From scenes of untamed nature amid the Alpine peaks to dramatic turning points in Swiss history and harrowing shipwrecks: this exhibition on Swiss Romanticism transforms the Kunsthaus Zürich into a panorama of grand emotions.

Swiss Romanticism

With over 150 works spanning the arc from Henry Fuseli to Alexandre Calame and the early Arnold Böcklin. It reveals the considerable contribution made by Swiss artists to the development of European landscape painting, follows them to academies abroad, and explores the close ties between them. The overview will also extend to famous Romantics from other countries such as Caspar David Friedrich, Eugène Delacroix and J.M.W. Turner, thus adding an international perspective to the appreciation of Swiss Romanticism.

In the late 18th century, Romanticism spread across Europe. Artists began creating works that focused on feelings and the fascination of the unfathomable, in contrast to the sober, rational art of Neoclassicism. The Swiss discovered the visual potential of their own landscapes, committing the majestic Alpine environment and the eternal ice of the glaciers to canvas. Curator Jonas Beyer draws our attention to a key era of Swiss art history that until now has only been explored through myriad individual aspects.

A mood of change that crosses boundaries

The focus on a typically Swiss variant of Romanticism offers a deeper insight into the interrelationship between specifically local character and international connections. The particular mood of change that characterizes Swiss art of this period finds its most tangible expression in the intensive exchanges with artists in neighbouring countries. Swiss artists flocked to the academies in Paris, Dresden and Vienna, building highly effective networks but also responding with an artistic sensibility to the local characteristics of their study environment. Conversely, by the end of the 18th century the sights of the Swiss landscape had become popular motifs for romantically minded artists from abroad. This vibrant cross-border exchange suggests that it is more meaningful to speak not of ‘Swiss Romanticism’ but rather of ‘Romanticism in Switzerland’, thereby highlighting both shared artistic concerns and artistic peculiarities dictated by local circumstances. Visitors will experience these through paintings, drawings and films grouped together thematically in the 1,000-m2 exhibition gallery.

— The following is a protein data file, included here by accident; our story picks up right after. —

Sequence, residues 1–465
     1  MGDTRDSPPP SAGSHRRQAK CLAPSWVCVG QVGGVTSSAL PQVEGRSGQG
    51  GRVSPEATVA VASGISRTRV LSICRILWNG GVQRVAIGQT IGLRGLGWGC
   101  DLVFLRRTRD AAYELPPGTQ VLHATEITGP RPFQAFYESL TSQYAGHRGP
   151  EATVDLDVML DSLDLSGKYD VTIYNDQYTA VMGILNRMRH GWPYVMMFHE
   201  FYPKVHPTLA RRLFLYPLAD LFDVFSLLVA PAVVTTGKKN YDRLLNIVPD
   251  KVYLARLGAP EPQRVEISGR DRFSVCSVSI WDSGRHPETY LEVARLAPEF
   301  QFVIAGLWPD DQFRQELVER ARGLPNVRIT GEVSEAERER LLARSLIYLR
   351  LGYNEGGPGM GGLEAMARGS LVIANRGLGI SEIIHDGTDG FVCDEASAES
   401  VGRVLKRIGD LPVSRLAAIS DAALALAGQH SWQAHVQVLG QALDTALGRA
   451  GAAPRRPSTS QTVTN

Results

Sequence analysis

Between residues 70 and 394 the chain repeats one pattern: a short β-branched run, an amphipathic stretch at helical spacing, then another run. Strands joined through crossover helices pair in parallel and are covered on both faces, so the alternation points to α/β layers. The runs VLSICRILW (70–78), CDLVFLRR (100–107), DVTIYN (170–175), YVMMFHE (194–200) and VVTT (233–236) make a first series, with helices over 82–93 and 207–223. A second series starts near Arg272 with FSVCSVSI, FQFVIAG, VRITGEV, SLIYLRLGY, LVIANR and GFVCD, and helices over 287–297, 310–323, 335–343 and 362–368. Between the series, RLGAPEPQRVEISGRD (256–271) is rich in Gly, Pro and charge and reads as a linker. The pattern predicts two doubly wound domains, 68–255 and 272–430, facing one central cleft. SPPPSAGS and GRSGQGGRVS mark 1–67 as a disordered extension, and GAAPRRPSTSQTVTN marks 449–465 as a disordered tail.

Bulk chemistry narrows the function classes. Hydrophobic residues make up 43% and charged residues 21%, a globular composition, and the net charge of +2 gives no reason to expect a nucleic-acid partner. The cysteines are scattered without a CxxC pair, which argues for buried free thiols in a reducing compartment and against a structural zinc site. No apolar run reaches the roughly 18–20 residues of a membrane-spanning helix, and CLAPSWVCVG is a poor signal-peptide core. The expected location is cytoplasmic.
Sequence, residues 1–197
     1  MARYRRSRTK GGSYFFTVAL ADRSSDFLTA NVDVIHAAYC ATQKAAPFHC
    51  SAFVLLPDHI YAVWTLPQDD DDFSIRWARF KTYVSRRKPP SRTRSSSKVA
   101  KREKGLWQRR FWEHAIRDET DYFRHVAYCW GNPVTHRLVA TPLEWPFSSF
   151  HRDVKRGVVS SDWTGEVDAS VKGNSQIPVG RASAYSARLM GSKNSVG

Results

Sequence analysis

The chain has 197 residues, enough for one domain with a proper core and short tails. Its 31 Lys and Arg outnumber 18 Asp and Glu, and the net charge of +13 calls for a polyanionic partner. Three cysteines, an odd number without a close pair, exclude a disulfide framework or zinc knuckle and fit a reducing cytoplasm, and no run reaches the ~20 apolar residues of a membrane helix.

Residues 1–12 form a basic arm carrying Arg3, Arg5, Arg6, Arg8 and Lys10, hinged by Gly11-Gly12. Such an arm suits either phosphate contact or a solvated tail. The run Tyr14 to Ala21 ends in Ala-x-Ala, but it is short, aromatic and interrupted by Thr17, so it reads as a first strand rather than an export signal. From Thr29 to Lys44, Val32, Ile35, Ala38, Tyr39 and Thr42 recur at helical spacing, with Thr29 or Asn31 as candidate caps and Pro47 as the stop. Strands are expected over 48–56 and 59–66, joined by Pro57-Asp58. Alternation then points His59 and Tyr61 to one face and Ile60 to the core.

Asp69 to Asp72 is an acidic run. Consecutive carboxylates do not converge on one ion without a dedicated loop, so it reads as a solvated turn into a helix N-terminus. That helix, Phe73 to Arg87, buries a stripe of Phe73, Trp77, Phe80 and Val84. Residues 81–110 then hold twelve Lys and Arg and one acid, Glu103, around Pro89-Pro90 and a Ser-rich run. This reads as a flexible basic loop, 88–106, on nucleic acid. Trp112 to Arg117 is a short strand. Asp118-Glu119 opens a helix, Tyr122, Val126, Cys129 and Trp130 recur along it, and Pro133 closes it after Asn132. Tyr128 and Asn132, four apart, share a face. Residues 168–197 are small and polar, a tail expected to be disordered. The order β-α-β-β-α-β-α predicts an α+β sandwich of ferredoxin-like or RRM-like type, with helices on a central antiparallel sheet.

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Johann Jakob Ulrich, Steamship Burning on a Stormy Sea, 1850–1853, Museum of Fine Arts Leipzig
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Arnold Böcklin, Fir trees, 1849, Kunstmuseum Basel, bequest Clara Böcklin 1923
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Alexandre Calame, Le Grand Eiger at Sunrise, 1844 (detail), deposited by the Swiss Confederation, Federal Office of Culture, Gottfried Keller Foundation
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Léopold Robert, Brigand’s wife watching over her sleeping husband, 1821, Kunstmuseum St. Gallen, Sturzenegger, Painting Collection, acquired 1936
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Joseph Mallord William Turner, On Lake Lucerne looking towards Fluelen, 1841, The Courtauld Gallery, Miss Dorothy Scharf; bequest; 2007

Romanticism lives on

A presentation of this scope has been made possible by loans of valuable works from Swiss collections and the inclusion of precious exhibits from Germany, Austria, the UK and France. The list of artists extends from pre-Romantic painters of the calibre of Caspar Wolf and Johann Heinrich Wüest, via well-known names from the Romantic era such as the Swiss Alexandre Calame, Charles Gleyre and Léopold Robert, to international greats including Eugène Delacroix, Caspar David Friedrich and J.M.W. Turner. Meanwhile the video works ‘Everything is going to be alright’ by Guido van der Werve, ‘Projection (matin)’ by Remy Zaugg and David Claerbout’s ‘Travel’ remind us that the Romantic ideas of the late 18th and early 19th centuries still resonate in the present day.

Curator: Jonas Beyer

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Image above:

Ford Madox Brown, Manfred on the Jungfrau, 1842, Manchester Art Gallery, Manchester, Gift of Mr Frederick William Jackson

Supported by: